Unlike in the movies where one party storms out of the reading of a will to talk to a judge, Oregon has strict estate administration and litigation laws. They define who has the legal right to contest a will in the first place. In other words, they must have “standing.”
Former beneficiaries of an outdated will
The ex-spouse of a decedent was a beneficiary under an older version of the will. However, prior to death, the individual entered into a relationship with another person and made them the beneficiary instead. The ex-spouse has standing because they were a former beneficiary.
For example, they might argue diminished capacity before an estate administration and litigation court.
Close relatives who receive nothing
The decedent decided to disinherit one or more of their children. Because they would be heirs-at-law, they would normally inherit if the individual died without a will. Because they now do not receive anything, they have the standing to contest.
It is interesting to note that minors do not have the legal standing to challenge anything. However, if they have a guardian, this adult could contest the division of the estate for the youngster.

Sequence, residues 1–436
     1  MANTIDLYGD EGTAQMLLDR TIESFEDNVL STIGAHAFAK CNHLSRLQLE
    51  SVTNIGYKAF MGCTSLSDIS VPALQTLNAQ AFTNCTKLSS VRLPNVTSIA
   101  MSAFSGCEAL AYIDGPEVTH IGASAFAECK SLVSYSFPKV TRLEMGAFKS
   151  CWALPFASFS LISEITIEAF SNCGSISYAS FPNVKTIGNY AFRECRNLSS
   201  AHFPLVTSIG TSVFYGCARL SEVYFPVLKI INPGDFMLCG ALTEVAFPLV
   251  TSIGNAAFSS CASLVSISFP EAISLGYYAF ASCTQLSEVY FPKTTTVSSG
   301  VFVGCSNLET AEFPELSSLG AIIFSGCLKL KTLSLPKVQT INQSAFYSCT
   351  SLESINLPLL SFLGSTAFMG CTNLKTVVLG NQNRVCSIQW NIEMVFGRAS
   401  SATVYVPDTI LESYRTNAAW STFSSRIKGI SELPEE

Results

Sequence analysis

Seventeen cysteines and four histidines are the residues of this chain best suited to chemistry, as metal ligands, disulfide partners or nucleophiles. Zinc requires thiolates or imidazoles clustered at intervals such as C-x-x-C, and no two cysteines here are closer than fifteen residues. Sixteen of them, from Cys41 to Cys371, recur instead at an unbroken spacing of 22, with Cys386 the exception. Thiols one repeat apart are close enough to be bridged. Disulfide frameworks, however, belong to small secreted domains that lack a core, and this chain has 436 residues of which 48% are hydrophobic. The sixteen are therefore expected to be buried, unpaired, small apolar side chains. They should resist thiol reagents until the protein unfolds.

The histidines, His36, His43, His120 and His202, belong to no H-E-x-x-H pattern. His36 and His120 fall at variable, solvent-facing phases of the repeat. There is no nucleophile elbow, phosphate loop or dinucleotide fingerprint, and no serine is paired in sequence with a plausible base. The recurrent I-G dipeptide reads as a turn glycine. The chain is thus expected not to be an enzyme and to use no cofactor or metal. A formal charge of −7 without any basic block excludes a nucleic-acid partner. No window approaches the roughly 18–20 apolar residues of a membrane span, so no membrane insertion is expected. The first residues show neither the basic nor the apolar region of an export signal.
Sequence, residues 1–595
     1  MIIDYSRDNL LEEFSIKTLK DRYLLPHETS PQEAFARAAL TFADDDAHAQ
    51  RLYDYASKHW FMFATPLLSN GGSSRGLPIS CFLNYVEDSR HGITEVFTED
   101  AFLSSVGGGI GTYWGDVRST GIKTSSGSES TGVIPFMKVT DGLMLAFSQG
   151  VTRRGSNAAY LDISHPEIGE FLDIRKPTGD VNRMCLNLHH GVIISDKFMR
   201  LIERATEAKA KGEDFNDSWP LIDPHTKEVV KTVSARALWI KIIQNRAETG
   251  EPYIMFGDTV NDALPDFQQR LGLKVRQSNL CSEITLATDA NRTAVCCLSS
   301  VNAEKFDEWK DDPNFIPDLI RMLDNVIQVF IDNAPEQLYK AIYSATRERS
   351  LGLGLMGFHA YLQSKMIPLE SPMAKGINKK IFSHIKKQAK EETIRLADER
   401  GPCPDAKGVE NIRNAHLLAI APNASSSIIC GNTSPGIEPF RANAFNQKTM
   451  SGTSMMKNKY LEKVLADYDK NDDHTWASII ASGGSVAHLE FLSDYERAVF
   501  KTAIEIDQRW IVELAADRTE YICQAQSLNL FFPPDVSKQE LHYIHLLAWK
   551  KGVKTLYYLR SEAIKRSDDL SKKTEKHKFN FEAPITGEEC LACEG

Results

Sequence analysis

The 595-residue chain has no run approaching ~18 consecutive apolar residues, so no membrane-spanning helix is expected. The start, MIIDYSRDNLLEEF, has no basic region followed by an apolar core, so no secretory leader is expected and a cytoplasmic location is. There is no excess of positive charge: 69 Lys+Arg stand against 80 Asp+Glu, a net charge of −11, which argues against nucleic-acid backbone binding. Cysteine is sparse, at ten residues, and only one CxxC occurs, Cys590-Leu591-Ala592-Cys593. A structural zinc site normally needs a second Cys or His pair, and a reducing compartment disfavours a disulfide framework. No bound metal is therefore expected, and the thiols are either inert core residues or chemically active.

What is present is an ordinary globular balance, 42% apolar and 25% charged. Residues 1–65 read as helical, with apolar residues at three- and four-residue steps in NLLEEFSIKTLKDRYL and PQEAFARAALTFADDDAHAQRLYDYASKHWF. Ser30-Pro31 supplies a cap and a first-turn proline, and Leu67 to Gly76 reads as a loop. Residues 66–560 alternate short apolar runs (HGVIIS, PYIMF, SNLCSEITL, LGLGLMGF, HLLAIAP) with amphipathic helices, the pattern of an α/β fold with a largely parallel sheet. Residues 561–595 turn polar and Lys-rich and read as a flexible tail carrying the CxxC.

Standing does not guarantee success
You can leave your possessions to anyone you wish. Therefore, even if someone has the standing to contest the will, it does not mean that they will win the case and receive a part of the estate. To take advantage of legal standing, the person contesting the will must show a reason. For example, they might argue that a third party swindled you into making the will you did.
If you are currently considering making a will and might leave out an heir-at-law, or if you are someone with standing who wants to contest a will, it is in your best interest to protect your rights by discussing the situation with an attorney.